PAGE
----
The pandemic has made analytics a primary ask for companies. It’s not just tooling up their data science team, but forward-looking leaders are looking to empower their frontline employees as well.
So is the future for self-service analytics bright? Maybe, but it does face some significant hurdles. Joseph Antelmi, Gartner’s research director for analytics and BI, sheds light.
Many companies are talking about self-service analytics. So what are the primary motivators?
Antelmi: Most organizations have more data than they know what to do with and not enough analytics to drive effective decision-making for a broad set of organizational users at scale. Traditional support models for analytics that required BI developers to gather requirements, prepare data, and construct visualizations are too slow. Analytics users are looking for rapid answers to sophisticated analytics questions. Analytics users prefer to solve their problems, and the larger organization would also prefer that users solve problems themselves.
What are the hurdles that stand in the way?
Antelmi: The most daunting hurdles that stand in the way of self-service analytics success are:
A lack of willingness to change across stakeholders. This is particularly problematic when organizational leaders are reluctant to change.
Poor data literacy
A lack of relevant skills and staff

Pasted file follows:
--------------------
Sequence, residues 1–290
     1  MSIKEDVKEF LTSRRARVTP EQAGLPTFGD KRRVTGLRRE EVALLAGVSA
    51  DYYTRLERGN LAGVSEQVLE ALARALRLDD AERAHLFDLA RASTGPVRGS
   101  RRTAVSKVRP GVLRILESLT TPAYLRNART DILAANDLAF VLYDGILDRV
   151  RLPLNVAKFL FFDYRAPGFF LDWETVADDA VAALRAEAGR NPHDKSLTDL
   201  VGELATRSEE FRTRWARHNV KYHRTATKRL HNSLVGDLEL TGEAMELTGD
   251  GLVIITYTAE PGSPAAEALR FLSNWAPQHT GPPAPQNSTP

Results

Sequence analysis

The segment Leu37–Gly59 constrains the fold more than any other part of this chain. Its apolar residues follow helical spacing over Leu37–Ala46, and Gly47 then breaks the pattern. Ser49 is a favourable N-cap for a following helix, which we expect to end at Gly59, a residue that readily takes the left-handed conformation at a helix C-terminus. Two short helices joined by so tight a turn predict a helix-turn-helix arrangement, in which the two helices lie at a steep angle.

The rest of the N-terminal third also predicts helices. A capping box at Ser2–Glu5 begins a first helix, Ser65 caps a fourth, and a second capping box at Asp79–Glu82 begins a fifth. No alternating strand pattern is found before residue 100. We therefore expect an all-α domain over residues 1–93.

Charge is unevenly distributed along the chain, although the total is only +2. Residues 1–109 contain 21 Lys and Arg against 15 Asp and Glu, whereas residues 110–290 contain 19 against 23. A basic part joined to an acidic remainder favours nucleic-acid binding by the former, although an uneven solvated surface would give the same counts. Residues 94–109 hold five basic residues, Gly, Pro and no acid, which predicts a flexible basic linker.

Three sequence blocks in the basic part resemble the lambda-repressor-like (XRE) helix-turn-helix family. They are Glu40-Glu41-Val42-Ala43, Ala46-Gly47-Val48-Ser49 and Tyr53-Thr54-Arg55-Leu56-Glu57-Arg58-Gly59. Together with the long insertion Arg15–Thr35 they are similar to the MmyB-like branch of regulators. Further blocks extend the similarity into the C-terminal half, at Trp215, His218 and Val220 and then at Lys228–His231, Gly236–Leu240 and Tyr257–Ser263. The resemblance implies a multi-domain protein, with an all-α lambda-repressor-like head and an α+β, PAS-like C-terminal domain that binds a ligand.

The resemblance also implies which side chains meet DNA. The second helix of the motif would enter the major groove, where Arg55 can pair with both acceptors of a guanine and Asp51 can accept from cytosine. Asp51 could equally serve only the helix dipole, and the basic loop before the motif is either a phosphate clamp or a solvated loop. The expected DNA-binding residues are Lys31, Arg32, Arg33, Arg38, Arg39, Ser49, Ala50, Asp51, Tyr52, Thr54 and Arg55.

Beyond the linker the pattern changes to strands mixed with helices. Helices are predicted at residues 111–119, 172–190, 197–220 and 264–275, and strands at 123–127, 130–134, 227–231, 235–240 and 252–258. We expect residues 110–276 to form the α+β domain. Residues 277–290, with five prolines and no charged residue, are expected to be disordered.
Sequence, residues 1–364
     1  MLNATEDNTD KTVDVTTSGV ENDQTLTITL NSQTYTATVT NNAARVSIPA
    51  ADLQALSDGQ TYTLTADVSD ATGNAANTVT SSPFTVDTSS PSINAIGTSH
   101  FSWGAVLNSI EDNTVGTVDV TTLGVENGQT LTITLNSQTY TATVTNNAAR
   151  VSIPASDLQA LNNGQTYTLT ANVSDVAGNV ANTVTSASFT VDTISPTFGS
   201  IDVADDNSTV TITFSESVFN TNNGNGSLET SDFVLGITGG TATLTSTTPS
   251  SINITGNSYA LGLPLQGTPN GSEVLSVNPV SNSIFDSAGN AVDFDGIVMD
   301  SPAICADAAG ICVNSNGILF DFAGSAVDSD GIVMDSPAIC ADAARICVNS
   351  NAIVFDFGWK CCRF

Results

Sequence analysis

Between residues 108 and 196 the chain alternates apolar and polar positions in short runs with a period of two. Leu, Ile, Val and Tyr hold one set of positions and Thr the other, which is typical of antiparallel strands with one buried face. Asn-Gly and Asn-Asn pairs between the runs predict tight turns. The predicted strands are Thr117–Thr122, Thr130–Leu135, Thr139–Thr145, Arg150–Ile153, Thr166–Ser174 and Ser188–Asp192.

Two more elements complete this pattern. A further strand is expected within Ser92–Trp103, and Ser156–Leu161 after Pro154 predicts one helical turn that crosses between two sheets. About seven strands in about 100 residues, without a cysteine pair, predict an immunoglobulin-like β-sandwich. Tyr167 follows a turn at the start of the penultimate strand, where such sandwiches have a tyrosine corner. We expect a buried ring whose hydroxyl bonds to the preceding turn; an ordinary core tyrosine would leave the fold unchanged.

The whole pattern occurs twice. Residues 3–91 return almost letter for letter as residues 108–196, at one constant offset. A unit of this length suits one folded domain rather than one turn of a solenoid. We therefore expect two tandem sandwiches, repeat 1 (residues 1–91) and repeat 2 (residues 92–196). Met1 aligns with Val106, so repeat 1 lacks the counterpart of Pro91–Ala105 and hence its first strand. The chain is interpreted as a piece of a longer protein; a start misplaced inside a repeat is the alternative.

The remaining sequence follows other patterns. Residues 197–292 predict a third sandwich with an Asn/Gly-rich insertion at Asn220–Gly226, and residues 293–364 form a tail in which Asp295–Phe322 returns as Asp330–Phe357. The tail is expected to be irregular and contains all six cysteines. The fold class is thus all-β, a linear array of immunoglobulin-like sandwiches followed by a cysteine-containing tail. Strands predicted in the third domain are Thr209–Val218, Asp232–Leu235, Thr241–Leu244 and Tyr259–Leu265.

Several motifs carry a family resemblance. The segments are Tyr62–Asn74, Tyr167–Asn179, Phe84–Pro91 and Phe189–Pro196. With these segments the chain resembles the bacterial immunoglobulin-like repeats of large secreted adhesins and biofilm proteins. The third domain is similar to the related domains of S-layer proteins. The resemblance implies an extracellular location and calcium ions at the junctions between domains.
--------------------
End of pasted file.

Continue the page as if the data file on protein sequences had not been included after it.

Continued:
Note that the most significant challenges typically come from people and processes, not from technology, although technology can also be a hurdle. A lack of data and analytics governance can also doom self-service success. Data and analytics governance teams must exist to manage the rules and tools to keep the organization safe while enabling broader data access.
Self-service analytics works if the data sets are relevant to the problem statement. So how do you ensure that you do not drown the user with irrelevant data?
Antelmi: I find it helpful to consider the original objective. A dashboard is a visualization built to display information relevant to a particular objective on a single screen so that information can be quickly monitored and understood.
Many organizations are taking the same approach when they organize their data, using tags, folders, and searchable catalog functions. Self-service users can quickly find the most relevant data and have enough context about that data to confirm its usefulness to the specific task at hand.
What are the future trends that will define self-service analytics of the future?
Antelmi: We are seeing the growing prominence of augmented analytics in self-service analytics platforms. AI services are embedded into self-service analytic platforms to deliver new interfaces, insights, and efficiencies into existing analytical workflows. This can take the form of mobile self-service analytics leveraging chatbots that offer natural language question and answer capabilities. It can also take the form of automated insight generation, where users import data and the augmented analytics platform surfaces relevant insights automatically. Augmented analytics can also facilitate data preparation, for example, by making joint recommendations based on the analysis of datasets.
Winston Thomas is the editor-in-chief of CDOTrends and DigitalWorkforceTrends. He’s a singularity believer, a blockchain enthusiast, and believes we already live in a metaverse. You can reach him at [email protected].